Concerns over classroom violence remain top issue for Ontario teachers

Concerns over violence in schools remain a top issue for Ontario’s teachers’ unions. Caryn Ceolin with how educators deal with classroom violence and why they say they have little protection.

The assault of multiple staff members and a student at an Oshawa school on Monday is once again highlighting the issue of violence in schools, which remains a top concern for teachers in ongoing bargaining with the province.

The president of the Ontario Secondary School Teachers’ Federation (OSSTF) told CityNews the worry is that there are not enough trained professionals to support students with various needs.

“The teacher should not be filling in as a physiologist or a child and youth worker or social worker in the absence of those trained professionals being available,” OSSTF President Karen Littlewood said.

In many cases, teachers need crisis intervention training before stepping in to help stop behaviour that could lead to injuries.

“It becomes really challenging because people want to do the best by students.”

The Durham Catholic District School Board (DCDSB), which oversees Sir Albert Love Catholic School in Oshawa where three teachers and a student were assaulted, says it would have had staff on-site trained in violence threat risk assessment.

“It could be as simple as a teacher reaching out to the staff in the building who do have the training,” Superintendent of Education Paula Sorhaitz said in an interview.

Sorhaitz declined to confirm whether that was the case on Monday, citing the police investigation.

The Ontario English Catholic Teachers’ Association (OECTA), which represents the teachers assaulted, could not comment on the specifics of the situation but noted there are “very serious concerns” about the gaps between the obligations under the Health and Safety Act covering workplace violence and the implementation in school boards across the province.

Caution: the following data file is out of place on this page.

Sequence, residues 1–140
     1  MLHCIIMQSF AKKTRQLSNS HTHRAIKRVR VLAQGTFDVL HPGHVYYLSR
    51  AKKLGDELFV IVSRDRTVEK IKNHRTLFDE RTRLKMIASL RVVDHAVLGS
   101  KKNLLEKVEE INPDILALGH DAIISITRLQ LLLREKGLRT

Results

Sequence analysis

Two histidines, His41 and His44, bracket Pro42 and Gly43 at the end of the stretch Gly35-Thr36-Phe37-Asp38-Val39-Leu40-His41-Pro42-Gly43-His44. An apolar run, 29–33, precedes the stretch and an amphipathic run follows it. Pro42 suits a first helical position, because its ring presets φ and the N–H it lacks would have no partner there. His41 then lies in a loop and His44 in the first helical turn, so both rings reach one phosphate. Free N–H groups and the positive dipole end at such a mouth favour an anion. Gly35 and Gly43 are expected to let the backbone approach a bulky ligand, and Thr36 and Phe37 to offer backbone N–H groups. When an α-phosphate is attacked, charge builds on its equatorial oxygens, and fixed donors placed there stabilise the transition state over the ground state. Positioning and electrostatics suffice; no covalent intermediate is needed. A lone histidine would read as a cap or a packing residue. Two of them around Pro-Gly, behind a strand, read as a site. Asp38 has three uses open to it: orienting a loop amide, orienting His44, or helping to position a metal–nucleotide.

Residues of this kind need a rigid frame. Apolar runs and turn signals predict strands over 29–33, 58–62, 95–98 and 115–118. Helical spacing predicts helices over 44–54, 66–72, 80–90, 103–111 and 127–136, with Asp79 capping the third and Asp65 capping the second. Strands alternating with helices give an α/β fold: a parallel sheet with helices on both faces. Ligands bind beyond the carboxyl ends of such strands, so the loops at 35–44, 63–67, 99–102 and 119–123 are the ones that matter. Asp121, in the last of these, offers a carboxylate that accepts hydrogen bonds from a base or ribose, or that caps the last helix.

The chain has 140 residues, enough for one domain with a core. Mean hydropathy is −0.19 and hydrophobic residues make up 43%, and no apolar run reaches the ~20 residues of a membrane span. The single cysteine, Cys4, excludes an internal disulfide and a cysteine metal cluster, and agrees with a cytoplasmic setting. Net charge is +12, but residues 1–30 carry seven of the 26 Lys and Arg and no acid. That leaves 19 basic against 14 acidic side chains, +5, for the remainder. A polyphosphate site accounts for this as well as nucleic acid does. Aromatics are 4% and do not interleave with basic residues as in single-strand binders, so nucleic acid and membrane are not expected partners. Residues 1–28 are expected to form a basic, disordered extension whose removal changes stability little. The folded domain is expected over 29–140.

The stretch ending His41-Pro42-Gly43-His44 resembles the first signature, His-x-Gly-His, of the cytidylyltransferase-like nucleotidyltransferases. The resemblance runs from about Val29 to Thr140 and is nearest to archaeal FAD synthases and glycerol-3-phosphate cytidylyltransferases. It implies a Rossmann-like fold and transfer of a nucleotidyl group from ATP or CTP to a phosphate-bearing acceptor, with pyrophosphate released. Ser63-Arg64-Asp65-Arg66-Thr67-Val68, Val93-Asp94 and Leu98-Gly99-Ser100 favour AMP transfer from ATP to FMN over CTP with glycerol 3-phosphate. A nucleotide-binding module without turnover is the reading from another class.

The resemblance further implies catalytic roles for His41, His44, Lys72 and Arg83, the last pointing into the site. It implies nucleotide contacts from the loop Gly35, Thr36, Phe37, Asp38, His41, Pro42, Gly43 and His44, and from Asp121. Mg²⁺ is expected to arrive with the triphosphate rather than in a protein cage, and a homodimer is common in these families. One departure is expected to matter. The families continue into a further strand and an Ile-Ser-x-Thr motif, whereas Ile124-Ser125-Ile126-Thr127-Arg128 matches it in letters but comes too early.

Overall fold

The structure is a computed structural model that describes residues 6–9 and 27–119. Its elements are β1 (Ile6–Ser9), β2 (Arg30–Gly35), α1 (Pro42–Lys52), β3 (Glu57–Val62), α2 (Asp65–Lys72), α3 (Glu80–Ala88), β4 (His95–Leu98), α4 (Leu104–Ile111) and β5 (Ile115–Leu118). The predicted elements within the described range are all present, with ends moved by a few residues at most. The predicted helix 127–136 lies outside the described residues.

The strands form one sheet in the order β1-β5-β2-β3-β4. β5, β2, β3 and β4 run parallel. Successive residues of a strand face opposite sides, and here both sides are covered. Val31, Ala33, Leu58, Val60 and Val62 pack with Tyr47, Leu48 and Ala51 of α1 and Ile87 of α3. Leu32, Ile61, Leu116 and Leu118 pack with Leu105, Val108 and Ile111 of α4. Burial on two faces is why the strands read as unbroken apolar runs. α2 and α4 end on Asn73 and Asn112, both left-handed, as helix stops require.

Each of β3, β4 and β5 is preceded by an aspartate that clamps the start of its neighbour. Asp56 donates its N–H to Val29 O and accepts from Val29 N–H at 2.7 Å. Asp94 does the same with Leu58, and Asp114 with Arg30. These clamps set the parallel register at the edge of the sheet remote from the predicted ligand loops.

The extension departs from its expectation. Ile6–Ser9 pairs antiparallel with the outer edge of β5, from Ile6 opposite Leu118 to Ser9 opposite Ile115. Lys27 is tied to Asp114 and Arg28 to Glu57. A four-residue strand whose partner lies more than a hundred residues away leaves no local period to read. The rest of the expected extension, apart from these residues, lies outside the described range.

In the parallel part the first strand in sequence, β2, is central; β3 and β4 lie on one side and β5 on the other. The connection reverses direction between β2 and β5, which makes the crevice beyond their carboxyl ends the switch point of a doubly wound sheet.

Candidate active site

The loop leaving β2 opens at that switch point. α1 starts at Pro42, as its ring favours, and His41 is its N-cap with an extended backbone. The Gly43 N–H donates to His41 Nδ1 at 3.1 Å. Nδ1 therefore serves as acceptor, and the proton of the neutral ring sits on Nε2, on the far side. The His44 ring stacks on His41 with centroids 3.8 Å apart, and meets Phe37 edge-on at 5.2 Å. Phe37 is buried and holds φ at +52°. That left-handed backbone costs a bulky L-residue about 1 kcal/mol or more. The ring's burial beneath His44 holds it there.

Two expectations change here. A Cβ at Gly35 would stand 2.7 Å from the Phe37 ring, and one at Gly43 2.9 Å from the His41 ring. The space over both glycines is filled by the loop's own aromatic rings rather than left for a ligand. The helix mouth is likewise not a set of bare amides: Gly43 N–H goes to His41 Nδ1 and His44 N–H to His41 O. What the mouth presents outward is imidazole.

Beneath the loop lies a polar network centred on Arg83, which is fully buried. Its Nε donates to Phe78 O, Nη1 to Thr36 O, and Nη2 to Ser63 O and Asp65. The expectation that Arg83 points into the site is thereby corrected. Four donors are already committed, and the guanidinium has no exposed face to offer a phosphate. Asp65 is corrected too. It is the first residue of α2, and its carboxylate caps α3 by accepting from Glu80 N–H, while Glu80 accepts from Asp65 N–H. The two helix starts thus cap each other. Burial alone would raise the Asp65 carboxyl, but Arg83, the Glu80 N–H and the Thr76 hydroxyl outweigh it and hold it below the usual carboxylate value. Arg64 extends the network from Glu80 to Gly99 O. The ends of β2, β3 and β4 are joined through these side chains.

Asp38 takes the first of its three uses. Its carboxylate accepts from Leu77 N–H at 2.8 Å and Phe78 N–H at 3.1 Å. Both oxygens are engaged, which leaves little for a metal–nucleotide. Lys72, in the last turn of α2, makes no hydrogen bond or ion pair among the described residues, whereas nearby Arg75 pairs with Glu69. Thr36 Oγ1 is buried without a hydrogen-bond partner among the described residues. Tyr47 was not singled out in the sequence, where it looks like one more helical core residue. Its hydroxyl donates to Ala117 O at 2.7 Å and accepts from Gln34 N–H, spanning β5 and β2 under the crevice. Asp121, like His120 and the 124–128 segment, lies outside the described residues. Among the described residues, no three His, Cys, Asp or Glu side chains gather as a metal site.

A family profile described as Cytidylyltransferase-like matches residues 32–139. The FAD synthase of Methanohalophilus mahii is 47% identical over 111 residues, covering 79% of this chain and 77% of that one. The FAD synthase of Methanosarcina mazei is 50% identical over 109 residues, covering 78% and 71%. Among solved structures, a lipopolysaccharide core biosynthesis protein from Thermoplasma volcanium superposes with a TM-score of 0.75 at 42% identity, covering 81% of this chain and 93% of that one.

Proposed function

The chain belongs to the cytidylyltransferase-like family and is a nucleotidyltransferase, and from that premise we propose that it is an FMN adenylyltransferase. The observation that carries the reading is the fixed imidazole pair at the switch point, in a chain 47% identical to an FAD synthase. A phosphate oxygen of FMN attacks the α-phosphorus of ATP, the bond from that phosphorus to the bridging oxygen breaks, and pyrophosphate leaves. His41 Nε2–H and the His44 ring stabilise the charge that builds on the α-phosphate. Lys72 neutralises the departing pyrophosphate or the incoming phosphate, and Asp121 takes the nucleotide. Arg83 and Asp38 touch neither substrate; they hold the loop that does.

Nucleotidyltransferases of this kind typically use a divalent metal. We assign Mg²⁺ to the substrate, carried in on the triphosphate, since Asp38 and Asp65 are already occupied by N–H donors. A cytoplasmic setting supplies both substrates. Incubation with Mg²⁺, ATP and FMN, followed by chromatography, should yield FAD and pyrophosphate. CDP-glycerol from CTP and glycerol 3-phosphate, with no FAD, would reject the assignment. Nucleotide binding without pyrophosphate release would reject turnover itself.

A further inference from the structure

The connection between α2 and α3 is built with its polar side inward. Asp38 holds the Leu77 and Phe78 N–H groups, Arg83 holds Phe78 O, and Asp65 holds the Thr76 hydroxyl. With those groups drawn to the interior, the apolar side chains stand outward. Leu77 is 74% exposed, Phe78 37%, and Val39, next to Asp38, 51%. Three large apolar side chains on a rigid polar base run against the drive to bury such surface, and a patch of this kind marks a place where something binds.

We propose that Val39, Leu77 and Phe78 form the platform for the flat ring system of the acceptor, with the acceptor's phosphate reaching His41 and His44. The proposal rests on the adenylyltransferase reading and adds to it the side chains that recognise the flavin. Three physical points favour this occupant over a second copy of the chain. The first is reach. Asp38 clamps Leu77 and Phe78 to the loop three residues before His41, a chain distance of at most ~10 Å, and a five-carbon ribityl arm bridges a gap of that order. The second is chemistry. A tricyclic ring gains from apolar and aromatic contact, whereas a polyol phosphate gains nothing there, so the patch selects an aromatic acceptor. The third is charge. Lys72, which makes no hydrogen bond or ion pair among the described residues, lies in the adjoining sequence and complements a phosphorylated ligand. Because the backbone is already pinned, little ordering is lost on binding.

“I would suggest that the school boards are not properly equipped to deal with their obligations under Health and Safety to keep the workers safe,” said OECTA President René Jansen in de Wal. “How do you respond, and what do you have in place to deal with the violence? Certainly, there is a gap there so it leaves students and their teachers vulnerable.”

The unions have blamed the rise in violence on a lack of funding and resources for public education. A statement from a spokesperson for Education Minister Stephen Lecce reads in part, “Our government continues to take decisive action to reduce violence in schools. That is why we are investing nearly $700 million more in additional funding this school year, including $24 million on enhancing school safety and the hiring of nearly 2,000 more front-line staff.”

Violence in the classroom ‘not a new thing’

“It’s not a COVID thing, it’s not a Toronto thing. It’s not a high school thing. This has been an issue for many years, but the incidents seem to be increasing,” Littlewood said.

A survey conducted earlier this year for the union representing public elementary teachers found 77 per cent of its members have personally experienced violence or witnessed violence against another staff member. The results revealed two-thirds of members reported the severity of violent incidents has increased in their schools, and educators working with younger students are more likely to experience violence.

When there is a violent incident at school, the unions say staff are reluctant to report it because they don’t have confidence in the system.

“The tracking and reporting of instances of violence in schools is very problematic,” Jansen in de Wal said.

“The workers have to have confidence in the system that if they make a report of violence or if they express concern for their working conditions, that it is going to be addressed and quite frankly that’s not the case in so many situations,” added Littlewood.

“So you do have people that have anxiety about entering the school building.”

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